Cometh the hour, cometh the tango danced to Metallica’s Enter Sandman by comedian Bill Bailey and his partner Oti Mabuse. Other highlights of Strictly Come Dancing in 2020 have included the touching chemistry between TV presenter Ranvir Singh and her partner Giovanni Pernice, and the deadpan verdict “G-O-A-T” delivered by judge Craig Revel Horwood (“It normally stands for greatest of all time,” he explained to a bemused audience). Strictly has long occupied a prized spot in the nation’s home entertainment schedule. But with this series, its 18th, the show has surpassed itself. With viewing figures topping 10m, and cinemas, parties and theatres all out of reach, the show has been an oasis of glitter in a desert of a season.
The physicality of Strictly has always been part of its appeal, and this has been strengthened under pandemic conditions. To an audience confined at home, prohibited from touching anyone outside our bubbles and unlikely to have formed new bonds of friendship or love, the spectacle of 12 celebrities – now whittled down to four for Saturday’s final – twirling, lifting and clutching each other has held a particular enchantment. The whoops and cheers from fellow contestants that the couples have had to rely on, in the absence of the usual studio audience, have heightened the impression of warmth.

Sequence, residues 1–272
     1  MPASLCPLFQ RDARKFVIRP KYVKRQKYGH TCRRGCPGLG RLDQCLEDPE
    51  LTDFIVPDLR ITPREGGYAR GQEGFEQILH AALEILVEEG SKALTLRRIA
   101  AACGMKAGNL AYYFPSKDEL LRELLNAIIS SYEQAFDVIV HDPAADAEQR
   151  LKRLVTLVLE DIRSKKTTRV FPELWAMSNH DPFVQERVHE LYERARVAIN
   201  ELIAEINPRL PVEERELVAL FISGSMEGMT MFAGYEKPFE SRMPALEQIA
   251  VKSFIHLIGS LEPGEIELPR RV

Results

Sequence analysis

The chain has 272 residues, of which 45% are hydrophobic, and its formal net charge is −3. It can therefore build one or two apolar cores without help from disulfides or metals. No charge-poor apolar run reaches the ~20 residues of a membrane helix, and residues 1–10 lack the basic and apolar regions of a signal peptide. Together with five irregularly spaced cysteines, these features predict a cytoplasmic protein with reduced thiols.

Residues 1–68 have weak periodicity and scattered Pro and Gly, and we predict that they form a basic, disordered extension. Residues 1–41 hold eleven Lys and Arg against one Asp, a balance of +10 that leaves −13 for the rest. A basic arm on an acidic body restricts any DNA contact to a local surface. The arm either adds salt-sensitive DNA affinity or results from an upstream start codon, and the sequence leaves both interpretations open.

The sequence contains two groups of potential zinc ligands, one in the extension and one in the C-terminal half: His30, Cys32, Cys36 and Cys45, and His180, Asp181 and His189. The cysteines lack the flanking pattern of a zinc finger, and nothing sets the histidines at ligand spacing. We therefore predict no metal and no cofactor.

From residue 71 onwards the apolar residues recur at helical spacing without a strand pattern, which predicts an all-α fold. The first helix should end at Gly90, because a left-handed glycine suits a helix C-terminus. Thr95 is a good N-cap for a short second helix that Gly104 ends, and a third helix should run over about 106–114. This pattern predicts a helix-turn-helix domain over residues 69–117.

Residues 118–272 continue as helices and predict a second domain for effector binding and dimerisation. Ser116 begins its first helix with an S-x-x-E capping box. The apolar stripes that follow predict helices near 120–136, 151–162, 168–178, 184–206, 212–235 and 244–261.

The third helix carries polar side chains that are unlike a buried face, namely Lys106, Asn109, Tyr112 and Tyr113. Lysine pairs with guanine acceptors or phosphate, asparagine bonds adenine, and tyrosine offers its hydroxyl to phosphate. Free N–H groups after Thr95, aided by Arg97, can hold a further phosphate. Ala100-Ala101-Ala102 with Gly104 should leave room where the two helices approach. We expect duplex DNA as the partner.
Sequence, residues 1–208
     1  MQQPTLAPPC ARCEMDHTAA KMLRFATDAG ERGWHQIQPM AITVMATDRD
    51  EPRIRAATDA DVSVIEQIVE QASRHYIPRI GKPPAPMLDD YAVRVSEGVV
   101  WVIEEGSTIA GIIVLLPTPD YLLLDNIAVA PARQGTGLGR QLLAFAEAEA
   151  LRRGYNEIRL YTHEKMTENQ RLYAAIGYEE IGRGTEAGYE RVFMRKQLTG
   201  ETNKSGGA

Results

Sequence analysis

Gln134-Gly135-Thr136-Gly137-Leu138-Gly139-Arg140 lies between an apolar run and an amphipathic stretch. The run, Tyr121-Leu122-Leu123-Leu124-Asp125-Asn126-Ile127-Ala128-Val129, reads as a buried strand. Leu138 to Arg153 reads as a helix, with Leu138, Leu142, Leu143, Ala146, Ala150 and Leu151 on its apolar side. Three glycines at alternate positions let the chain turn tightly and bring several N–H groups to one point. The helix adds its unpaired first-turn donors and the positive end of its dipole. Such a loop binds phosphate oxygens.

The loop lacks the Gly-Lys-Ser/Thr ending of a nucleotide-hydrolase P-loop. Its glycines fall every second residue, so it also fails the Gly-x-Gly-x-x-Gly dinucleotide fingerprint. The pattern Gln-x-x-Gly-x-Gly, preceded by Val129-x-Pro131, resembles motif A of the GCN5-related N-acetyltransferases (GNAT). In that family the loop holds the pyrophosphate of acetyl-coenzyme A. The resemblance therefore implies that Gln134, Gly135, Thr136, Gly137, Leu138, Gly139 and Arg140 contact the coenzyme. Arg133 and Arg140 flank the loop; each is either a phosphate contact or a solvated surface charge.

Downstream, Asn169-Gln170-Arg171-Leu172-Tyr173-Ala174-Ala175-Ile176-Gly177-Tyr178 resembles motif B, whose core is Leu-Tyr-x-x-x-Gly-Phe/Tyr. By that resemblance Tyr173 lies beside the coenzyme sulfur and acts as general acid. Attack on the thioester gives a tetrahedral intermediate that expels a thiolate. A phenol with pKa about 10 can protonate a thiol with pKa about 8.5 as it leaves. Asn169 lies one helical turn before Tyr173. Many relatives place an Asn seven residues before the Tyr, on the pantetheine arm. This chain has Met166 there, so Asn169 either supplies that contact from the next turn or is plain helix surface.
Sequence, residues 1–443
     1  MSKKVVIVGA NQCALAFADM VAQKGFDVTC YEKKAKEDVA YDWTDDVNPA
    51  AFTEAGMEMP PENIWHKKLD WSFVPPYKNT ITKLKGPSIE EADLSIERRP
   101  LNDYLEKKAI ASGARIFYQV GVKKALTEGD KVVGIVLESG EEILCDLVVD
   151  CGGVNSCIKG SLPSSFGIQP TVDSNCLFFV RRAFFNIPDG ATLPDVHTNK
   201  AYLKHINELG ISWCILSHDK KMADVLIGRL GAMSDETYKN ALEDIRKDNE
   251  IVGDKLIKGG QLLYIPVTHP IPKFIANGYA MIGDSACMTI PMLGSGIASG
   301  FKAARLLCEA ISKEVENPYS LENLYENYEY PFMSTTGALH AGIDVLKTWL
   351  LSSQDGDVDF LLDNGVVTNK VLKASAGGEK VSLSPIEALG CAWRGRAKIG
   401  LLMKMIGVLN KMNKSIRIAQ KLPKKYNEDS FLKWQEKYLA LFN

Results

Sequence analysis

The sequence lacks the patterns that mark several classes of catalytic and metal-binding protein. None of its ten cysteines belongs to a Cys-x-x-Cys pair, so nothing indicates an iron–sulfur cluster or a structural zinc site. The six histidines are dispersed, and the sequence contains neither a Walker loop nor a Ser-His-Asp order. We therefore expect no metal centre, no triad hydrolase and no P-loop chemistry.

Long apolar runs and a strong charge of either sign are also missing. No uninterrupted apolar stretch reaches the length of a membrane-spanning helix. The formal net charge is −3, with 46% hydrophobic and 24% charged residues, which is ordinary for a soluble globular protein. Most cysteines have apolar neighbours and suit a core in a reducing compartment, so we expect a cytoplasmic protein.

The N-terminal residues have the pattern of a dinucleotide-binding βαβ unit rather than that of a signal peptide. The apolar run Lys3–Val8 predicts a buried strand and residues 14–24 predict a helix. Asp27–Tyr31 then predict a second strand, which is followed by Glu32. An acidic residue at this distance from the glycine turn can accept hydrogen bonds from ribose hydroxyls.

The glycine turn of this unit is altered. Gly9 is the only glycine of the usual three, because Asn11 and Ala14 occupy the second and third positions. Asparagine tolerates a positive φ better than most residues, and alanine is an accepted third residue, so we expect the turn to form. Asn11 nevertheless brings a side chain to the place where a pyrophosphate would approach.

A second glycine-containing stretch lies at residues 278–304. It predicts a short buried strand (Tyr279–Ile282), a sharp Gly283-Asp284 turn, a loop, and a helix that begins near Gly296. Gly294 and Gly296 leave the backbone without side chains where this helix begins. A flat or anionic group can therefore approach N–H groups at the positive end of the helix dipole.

The contrast between the preposterously over-the-top performance values encapsulated by its razzle-dazzle costumes and makeup, and the sometimes raw emotions on display, has long been among Strictly’s attractions. On-camera talk of “journeys” and “friends for ever” can sound hackneyed, and sometimes is; but there is sincerity too in contestants’ descriptions of the intensity of their experience of learning to dance on live TV.
As the writer and teacher Kate Clanchy has pointed out, Strictly is a show about teaching – and unlike other talent shows in this regard. Programmes such as The Great British Bake Off feature people who are already good at something. Some Strictly stars are total novices, and observing the teacher-pupil relationship is part of what holds viewers’ interest. Sometimes, romance is the result: previous winners Stacey Dooley and Kevin Clifton are among Strictly couples; Gorka Márquez, one of this year’s finalists, met his partner Gemma Atkinson on 2017’s series.
Like any reality show, this one has its cruelties. The least favourite couples, as decided by the public vote, are not always the worst dancers. Being seen to be less well-liked than others is hurtful, and there have been series when female or minority-ethnic contestants seemed to many to have been prematurely ejected (a view that is supported by data). It was a shame that Strictly’s first same-sex couple, Nicola Adams and Katya Jones, had to withdraw early due to Covid.
But although it is a glitzy and, at times, bruising popularity contest – with confident personalities enjoying an undoubted advantage – Strictly is also a show that takes dance, and dance criticism, seriously. Over time, as well as the different steps and styles, the audience comes to know the judges’ tastes – the varying weights they accord to technique, choreography, emotion, originality and style. It surely could not have been predicted that this reinvention of ballroom for television would prove such an enduring hit; but so it is. The BBC’s light entertainment flagship goes up as it goes on.